“We always believed that having a house can be comfortable, green, stylish, and affordable at the same time,” says Millie Leung, of her newly completed “green” home in Bellevue. “We did an experiment for ourselves, as a platform to exchange ideas and educate the public.”

Completed in October of 2010, the “Green Concept Home” is a 2840 sq. foot house incorporating the latest eco-friendly features into a modern, innovative home that is also remarkably cozy. Husband and wife team Millie and David Huang (who is also the architect) began the venture in 2009 and offered free educational tours of the house during construction to provide a glimpse of what might be the future of home-building.

The “Green Concept Home” is the first single-family residence in Bellevue, registered under the internationally recognized “LEED for Homes” green certification program, which recognizes the top percentile of homes that demonstrate environmental responsibility. The home is also registered under the “Built Green” program, a regionally recognized environmental agency.

The exterior of the house is an impressive display of contemporary design, featuring sharp angles and lofty, strategically placed windows. The exterior exhibits a sense of proportion and balance. On the inside, the rooms exude a zen-like simplicity in the use of space and light. In keeping with their Asian-inspired theme, Leung notes that much of the house uses bamboo wood, which, unlike wood used in traditional homes, minimizes the impact on the environment because of its rapid growth cycle. Whereas wood in traditional homes derives from trees that have an extended growth period, bamboo trees mature rapidly, making it an ideal material for eco-conscious homes.

Some features of the house include:

  • Structured insulated panels – which is a very thick insulated wall. Traditional homes use wooden pieces so that there are a lot of gaps for heat loss.
  • Rain water collection – this collects rainwater from the roof into an underground tank which holds 1700 gallons. This form of collection uses rainwater for toilet flushing and irrigating the lot. It’s the first house in Bellevue to use rainwater for indoors and outdoors.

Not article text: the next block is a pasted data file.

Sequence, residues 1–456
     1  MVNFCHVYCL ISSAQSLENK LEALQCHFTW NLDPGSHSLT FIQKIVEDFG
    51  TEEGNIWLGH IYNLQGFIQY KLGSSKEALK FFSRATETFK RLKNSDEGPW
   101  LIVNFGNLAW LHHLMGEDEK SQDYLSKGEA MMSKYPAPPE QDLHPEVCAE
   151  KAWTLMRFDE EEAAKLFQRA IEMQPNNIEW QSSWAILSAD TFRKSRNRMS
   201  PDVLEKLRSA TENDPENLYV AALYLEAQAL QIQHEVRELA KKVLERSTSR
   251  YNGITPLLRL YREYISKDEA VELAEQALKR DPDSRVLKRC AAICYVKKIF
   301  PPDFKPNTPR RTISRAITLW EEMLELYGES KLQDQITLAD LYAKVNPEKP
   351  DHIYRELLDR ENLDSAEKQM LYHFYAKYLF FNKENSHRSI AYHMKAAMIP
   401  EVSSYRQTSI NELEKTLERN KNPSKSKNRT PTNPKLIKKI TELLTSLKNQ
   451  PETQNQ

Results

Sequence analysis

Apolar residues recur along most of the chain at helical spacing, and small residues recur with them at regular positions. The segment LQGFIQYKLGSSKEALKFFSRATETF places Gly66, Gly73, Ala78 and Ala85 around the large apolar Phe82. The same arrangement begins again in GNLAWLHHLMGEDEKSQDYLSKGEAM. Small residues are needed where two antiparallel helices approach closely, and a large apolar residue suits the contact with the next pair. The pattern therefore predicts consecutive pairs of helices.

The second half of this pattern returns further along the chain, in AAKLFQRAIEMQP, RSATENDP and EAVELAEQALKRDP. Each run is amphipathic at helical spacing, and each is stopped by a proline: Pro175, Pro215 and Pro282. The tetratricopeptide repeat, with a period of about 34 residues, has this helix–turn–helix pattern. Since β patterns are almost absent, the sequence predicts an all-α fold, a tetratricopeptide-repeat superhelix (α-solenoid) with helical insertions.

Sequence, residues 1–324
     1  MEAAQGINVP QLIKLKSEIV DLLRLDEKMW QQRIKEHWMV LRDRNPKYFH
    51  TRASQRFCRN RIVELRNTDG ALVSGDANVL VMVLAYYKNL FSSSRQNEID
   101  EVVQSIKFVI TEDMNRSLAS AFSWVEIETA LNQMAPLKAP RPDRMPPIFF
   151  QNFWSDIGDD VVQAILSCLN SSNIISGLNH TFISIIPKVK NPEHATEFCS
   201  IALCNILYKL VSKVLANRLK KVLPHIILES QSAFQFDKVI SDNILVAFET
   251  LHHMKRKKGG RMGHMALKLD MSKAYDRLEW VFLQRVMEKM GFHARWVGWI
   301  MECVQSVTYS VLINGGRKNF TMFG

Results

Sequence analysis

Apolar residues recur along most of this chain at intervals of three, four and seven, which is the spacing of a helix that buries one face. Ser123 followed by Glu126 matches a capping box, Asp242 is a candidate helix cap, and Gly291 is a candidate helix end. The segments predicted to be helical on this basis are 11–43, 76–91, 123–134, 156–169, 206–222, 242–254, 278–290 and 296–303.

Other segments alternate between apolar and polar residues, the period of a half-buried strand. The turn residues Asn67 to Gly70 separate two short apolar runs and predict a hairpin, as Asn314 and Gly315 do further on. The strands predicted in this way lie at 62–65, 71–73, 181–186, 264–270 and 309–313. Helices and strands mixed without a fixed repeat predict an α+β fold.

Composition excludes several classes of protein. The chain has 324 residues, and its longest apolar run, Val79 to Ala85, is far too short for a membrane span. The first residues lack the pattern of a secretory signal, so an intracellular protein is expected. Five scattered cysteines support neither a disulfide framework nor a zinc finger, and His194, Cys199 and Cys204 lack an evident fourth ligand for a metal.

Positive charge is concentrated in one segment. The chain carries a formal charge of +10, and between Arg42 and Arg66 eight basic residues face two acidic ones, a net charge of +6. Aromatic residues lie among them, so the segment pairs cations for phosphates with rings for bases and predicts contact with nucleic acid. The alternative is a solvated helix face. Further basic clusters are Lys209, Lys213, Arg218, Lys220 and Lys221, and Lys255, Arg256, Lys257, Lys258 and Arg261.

• Solar hot water heater – this is located on the roof. A panel collects solar energy and heats up the water for showers and indoor water use.
  • Heat recovery ventilation (HROV) – this takes fresh air from outside, which goes through a high efficiency filter. A heat exchanger extracts heat from the house and exchanges it with fresh air. This saves energy and results in better air quality.

Regarding the cost of “green-friendly” homes, Leung notes that eco-conscious homes are more expensive than traditional homes in the short-term, but save money in the long-run.

“We find that yes, in a way, initial investment is higher, but long term is good for the environment.”

Over time, the cost of eco-friendly homes is expected to be lower as the demand for eco-conscious homes increases. However, a current relatively lower demand for eco-friendly homes prevents them from penetrating the housing market.

Leung says, “We’re hoping that it will become the standard but it will take some time.”

Further developments in the eco-friendly market include solar hot water and solar electricity. “The reason why we didn’t equip the house with solar energy is because it’s still not efficient.” Currently, solar electricity is estimated at 20 percent efficiency, which makes it less than ideal as a power source. But, Leung notes, the house is pre-wired for solar electricity in the case that it becomes more efficient in the future.

As Leung says, it will probably take some time before eco-conscious homes begin to dominate the market. In the meantime, people can raise awareness of the need for eco-friendly homes by attending educational tours, asking questions, responding to green builders, and attending events on the topic. Only by educating ourselves on the environment can we realize the importance of eco-conscious homes in society.

Information about the home can be found at the website: http://www.greenconcepthome.com.

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